The New Room is sharing a Friday reflection each week during the time that we are closed. Even though we cannot currently join together for our usual Friday lunchtime Communion service in the chapel, we hope that these short reflections will act as a point of spiritual focus, enabling a moment of quiet thought and prayer.
This week’s reflection is from the Revd David Weeks, a retired Methodist minister who lives in Bristol.
John 4. 27-42
We have heard for ourselves, and we know that this is truly the Saviour of the world (v. 27)
The most important thing I’ve re-learned in the lockdown: the importance of spiritual self-reliance. It’s too easy to become over-dependent on external props and inputs in the life of faith. Before the lockdown we went to special buildings and shared in public services week by week; we listened to accredited preachers giving ‘authentic’ interpretations of the faith. That’s all gone. Many have turned to Zoom, Facebook or TV services to fill the gap – a shadow of the real thing.
The key to spiritual growth is not to keep on needing inputs all the time. We need more self-reliance. Like the Samaritan villagers: ‘We no longer rely on someone’s testimony; we have heard Jesus for ourselves and we know he is the Saviour of the world’.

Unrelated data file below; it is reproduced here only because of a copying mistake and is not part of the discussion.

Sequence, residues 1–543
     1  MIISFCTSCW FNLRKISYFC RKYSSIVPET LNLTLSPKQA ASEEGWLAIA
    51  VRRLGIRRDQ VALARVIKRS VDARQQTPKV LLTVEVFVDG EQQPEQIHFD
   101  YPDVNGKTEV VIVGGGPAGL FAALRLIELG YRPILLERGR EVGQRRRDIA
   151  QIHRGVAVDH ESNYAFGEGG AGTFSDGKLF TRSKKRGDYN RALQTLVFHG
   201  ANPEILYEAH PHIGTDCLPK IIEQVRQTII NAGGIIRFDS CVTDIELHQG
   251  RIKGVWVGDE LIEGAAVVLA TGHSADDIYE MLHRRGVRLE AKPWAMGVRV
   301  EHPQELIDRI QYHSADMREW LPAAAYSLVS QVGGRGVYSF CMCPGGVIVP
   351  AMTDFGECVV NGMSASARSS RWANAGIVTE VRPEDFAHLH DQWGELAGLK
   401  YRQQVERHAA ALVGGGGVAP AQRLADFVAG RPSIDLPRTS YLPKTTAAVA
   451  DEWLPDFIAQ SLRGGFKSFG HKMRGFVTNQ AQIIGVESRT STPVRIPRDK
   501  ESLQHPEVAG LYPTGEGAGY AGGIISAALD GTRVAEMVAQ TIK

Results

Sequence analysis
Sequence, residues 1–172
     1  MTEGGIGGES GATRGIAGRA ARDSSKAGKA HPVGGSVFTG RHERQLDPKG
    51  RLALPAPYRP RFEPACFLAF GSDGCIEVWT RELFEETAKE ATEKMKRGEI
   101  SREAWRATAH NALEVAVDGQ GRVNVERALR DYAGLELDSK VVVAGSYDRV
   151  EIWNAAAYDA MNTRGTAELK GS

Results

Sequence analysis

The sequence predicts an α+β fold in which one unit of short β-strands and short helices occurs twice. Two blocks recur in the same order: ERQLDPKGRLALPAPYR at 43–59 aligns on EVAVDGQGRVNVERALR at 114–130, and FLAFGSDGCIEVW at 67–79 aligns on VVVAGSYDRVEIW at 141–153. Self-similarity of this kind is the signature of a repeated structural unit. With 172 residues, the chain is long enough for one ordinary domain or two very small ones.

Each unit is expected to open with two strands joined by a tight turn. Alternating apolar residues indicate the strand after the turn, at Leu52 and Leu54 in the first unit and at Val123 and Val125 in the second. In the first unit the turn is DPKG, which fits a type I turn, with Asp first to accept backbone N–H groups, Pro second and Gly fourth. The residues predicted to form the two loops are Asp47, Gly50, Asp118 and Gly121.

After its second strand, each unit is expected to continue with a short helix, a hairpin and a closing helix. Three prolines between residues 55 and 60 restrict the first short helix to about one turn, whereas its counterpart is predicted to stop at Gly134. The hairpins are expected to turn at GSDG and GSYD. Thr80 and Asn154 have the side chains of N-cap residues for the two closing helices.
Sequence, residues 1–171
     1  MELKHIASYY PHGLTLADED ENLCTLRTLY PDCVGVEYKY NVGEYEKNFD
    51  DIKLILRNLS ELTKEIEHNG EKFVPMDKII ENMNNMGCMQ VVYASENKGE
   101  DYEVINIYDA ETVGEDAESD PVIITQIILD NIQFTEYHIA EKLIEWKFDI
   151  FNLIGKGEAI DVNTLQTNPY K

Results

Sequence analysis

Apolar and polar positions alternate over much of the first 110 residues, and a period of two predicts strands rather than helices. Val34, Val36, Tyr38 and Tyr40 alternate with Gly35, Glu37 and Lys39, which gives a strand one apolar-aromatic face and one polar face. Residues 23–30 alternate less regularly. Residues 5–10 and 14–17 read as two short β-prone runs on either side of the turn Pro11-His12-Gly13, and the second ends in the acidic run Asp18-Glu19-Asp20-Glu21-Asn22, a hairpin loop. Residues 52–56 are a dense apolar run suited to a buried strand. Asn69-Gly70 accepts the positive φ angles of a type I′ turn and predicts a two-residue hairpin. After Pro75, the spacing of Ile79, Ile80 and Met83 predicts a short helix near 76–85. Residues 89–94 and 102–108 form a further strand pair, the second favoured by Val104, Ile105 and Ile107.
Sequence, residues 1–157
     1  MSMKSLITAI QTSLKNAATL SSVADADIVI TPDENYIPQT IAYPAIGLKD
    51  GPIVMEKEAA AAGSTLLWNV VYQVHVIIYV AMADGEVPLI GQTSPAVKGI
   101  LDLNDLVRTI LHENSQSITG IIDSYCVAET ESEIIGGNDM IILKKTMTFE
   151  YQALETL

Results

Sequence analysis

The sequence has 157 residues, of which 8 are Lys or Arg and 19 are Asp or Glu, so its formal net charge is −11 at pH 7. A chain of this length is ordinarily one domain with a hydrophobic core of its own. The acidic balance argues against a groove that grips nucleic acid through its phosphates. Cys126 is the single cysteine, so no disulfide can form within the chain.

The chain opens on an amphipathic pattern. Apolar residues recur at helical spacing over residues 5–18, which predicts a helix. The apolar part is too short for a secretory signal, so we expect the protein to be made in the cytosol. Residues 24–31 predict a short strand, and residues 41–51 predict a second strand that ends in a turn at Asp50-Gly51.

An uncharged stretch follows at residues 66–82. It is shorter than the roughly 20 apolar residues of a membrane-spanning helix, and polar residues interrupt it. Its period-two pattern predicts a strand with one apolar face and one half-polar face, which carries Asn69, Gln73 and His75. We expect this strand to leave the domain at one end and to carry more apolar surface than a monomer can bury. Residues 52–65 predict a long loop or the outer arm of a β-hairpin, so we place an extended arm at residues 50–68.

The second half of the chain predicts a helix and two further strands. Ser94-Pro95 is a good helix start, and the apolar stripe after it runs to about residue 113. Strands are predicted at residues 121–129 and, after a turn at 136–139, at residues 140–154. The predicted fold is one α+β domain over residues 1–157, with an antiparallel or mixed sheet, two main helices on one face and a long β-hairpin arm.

How does this come about? Short, dedicated times of silence built into everyday life – to read a brief passage of scripture and to think it through; to draw out of our memory a verse of a hymn or a classic prayer that crystallises our faith; and to recall someone who lived the Christian life compellingly. Above all, to allow our reflections and memories, interwoven with the stresses and worries of everyday life, to come to a focus before Jesus. He ‘did the will of God’ (i.e. gave of himself to everyone he met, to nourish their life and wellbeing) and he ‘completed his work’ (paid whatever it cost – his very life – to stay consistently loving in the face of his enemies). [John 4.34.]
Self-reliance in prayer and reflection will strengthen us to serve our neighbours in need. And it will help us to bring new depth to church services whenever they resume. The balance will be better. Less dependent on ‘inputs’ from others; more to share of what we have learned and heard for ourselves in the life of private prayer.
Holy Spirit, sow in my heart the seeds of your grace and bring forth in me a harvest of love and joy and peace. Amen